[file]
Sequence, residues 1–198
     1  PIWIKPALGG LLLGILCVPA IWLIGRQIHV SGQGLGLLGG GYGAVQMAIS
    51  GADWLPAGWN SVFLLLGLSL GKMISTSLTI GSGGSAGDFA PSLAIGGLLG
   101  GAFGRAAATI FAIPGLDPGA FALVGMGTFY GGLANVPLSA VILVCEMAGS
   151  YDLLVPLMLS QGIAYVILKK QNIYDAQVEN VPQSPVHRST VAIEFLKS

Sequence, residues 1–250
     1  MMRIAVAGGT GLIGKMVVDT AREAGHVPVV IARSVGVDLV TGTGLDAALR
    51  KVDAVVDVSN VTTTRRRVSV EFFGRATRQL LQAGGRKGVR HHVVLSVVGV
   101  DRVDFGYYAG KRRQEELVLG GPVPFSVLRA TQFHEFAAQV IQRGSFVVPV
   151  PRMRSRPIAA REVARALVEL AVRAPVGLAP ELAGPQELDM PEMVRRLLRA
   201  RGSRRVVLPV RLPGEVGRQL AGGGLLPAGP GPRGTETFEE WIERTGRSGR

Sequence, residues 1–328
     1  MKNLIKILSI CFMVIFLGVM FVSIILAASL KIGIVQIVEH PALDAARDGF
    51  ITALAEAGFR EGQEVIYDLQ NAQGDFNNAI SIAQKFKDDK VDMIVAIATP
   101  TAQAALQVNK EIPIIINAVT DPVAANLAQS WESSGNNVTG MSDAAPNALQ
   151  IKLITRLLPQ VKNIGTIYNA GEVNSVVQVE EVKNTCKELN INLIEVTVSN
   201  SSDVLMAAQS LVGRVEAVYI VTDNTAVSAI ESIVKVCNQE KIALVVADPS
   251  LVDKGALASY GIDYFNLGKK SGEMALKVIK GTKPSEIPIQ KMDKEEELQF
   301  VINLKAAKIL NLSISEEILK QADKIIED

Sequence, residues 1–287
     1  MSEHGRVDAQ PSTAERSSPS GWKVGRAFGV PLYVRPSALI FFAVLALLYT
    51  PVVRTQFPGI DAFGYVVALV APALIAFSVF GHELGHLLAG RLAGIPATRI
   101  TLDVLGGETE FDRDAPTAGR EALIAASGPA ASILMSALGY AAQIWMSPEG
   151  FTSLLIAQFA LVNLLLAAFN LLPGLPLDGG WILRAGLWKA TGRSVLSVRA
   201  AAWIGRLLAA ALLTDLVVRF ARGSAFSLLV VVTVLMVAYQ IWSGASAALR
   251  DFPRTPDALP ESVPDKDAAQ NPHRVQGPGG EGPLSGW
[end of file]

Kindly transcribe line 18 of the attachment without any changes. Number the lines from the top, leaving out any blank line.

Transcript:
   251  LVDKGALASY GIDYFNLGKK SGEMALKVIK GTKPSEIPIQ KMDKEEELQF